Yes, the term ‘people of color’ is offensive because it implies that ‘non-colored’ or white is the norm or ideal. I am not of direct African descent; however, I am non-Anglo and this that using the term ‘colored’ or ‘people of color’ is extremely racist.

  • I believe that when discussing race issues, it IS indeed best to get out of semantics’ way. However, being that many Americans are no longer educated in the manner of “learning to think,” that concept may prove difficult for the masses. Witness the previous “discussions” here about your point: the individuals could not even identify the main theme you presented. To reiterate your point–”it’s tiresome, boring, and counterproductive.”

    Well presented. I wish this ideology could be accepted and adopted completely and naturally.

  • As long as we keep having to discuss this, it will be an issue. Anyone who has to find a word to describe someones race is a racist. Actually anyone who believes they belong to a race is racist.

    So here’s my suggestion – stop talking about it, and stop making up and using words to describe race. There is absolutely no reason for it!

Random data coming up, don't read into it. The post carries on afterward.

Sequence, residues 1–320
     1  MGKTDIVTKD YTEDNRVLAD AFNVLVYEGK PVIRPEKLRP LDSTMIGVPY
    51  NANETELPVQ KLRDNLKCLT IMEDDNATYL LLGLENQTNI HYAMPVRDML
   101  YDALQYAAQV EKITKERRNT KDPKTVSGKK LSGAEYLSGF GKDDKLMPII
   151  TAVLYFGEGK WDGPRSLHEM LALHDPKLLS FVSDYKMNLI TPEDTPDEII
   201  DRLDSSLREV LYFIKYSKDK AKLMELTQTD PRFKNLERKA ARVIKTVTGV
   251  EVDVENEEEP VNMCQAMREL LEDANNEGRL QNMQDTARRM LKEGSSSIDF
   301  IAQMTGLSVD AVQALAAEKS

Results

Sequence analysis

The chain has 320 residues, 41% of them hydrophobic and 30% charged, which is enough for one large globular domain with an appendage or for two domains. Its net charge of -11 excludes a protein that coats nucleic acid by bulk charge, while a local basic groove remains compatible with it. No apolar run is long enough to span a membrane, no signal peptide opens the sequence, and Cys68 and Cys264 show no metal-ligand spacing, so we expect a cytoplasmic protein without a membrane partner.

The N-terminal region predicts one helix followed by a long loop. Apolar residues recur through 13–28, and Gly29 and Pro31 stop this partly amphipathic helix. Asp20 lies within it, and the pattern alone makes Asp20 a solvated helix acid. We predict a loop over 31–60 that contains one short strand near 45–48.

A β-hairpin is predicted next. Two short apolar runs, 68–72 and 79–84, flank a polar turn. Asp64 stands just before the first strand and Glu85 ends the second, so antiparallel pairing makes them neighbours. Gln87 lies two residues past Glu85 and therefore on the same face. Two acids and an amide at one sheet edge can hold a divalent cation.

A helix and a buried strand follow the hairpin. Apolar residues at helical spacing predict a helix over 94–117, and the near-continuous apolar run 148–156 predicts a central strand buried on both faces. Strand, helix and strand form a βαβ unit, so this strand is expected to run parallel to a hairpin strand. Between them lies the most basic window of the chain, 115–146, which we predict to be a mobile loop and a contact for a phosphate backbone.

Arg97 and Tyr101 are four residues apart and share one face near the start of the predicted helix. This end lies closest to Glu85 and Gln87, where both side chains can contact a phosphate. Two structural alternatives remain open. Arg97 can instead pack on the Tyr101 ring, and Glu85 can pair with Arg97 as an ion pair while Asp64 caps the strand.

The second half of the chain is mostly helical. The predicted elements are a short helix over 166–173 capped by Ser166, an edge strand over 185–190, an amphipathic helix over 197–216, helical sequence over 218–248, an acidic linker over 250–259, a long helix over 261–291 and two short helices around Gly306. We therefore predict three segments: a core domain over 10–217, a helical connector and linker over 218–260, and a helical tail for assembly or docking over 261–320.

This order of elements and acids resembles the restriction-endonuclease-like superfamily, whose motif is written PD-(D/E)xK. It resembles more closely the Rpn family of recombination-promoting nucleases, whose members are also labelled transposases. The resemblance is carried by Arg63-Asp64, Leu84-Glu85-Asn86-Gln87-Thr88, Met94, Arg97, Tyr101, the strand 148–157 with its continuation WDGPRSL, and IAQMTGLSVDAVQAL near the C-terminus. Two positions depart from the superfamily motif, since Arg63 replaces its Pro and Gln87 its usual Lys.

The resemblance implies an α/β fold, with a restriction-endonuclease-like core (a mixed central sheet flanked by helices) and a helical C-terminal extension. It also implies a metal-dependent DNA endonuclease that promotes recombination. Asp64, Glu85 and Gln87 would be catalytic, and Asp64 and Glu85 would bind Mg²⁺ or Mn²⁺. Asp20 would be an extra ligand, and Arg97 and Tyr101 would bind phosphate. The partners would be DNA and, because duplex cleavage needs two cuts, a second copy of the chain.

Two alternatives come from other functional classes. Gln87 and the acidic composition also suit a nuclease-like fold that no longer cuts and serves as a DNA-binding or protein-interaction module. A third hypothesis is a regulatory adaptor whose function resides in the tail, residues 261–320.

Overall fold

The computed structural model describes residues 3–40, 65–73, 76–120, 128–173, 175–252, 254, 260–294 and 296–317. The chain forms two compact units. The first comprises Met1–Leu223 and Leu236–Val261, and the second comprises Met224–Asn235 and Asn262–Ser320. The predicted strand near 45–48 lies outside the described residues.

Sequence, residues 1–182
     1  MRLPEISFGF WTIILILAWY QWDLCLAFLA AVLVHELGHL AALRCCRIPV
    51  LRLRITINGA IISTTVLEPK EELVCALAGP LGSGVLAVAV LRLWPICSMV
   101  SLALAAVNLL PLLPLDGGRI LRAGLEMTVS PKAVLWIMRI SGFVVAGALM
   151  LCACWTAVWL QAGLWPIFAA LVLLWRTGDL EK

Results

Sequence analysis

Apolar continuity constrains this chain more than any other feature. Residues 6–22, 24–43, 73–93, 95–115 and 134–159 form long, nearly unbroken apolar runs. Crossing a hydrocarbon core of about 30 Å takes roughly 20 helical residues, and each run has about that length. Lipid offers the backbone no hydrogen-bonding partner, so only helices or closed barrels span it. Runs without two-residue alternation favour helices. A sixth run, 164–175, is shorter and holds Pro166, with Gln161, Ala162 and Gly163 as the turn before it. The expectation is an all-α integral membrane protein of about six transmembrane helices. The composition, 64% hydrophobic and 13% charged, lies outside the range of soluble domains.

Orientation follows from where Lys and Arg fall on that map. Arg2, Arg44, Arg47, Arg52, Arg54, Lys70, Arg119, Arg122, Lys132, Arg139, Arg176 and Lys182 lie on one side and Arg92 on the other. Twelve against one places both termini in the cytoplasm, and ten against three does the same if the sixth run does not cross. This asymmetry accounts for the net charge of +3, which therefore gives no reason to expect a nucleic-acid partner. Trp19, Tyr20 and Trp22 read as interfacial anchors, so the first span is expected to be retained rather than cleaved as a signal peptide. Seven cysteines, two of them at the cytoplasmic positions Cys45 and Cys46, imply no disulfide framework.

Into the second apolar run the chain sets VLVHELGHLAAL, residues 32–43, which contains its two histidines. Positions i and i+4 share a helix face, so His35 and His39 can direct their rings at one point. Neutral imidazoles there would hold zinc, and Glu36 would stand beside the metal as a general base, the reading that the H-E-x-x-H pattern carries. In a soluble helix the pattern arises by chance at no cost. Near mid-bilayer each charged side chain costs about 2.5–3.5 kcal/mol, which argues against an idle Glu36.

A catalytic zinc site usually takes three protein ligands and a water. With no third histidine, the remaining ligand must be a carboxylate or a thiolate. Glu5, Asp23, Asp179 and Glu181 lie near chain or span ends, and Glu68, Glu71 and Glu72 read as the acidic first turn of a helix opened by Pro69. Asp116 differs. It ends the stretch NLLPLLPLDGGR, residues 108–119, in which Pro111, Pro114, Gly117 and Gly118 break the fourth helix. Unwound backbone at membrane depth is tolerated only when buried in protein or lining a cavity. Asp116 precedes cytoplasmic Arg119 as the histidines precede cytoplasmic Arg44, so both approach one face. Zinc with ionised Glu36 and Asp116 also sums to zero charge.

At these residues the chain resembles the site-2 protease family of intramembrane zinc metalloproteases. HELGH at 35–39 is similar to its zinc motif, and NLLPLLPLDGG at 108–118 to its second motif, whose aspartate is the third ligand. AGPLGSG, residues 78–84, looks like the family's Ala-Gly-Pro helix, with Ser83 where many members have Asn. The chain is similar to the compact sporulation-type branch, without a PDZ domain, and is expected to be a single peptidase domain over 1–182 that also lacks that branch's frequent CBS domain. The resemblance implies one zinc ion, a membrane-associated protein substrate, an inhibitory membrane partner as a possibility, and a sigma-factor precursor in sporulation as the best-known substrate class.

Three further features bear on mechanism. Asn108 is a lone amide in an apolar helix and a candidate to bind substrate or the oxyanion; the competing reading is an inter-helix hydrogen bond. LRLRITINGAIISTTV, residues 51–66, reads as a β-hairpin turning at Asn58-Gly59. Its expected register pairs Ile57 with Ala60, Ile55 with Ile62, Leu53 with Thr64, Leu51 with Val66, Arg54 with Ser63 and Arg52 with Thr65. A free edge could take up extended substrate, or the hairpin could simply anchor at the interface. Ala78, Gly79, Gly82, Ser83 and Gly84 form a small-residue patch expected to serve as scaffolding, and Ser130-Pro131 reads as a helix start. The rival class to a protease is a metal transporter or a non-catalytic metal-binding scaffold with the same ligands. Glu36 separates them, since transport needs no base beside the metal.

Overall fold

• Luke Visconti

      The headstream of racism is when a person mistakes good fortune for providence. Only a person who does not have to worry about race can make such a foolish set of statements. I’d imagine the University of Minnesota cannot be very proud of taking your money—they probably feel like they have to wash out the cash register every time you pay tuition. Luke Visconti, CEO, DiversityInc

      • Well of course I’m being a bit of a pollyanna to make a point. My point is this: I’m no better than you, or worse than you based on a set of social distinctions like race. I may be a better guitar player than you, because I’ve worked harder at it than you have. You are a better CEO than I am, because you’ve worked harder at it than I have. But in society, we know that people judge people based on how they look. People who may not know us are always looking at us, and judging. Race is a way to classify, therefore a way to judge. I simply pine for a world with one less thing to judge over.

        I may have insulted you by making the claim that those who believe they belong to a race are racist. For insulting you I apologize. My thinking is if a person believes they belong to a race different from other races, the inherent egocentrism that exists in people will cause them to believe they are better because of it.

        • Luke Visconti

          Nice comeback. The problem with positing a solution that ignores a precondition is that it cannot be realistic. We human beings intensely focus on race; it is a legacy of vision being our dominant sense and our common hunting-gathering ancestry on the mother continent (Africa—look up the Genographic Project at National Geographic). People are intensely tribal, and people use that tribalism as leverage to gain power—it defines our known history. Black and white in our country, Bull Connor, George Wallace; and abroad, Han, Uighers, Tutsi, Hutu, Pol Pot, Baby Doc—it goes on and on. Luke Visconti, CEO, DiversityInc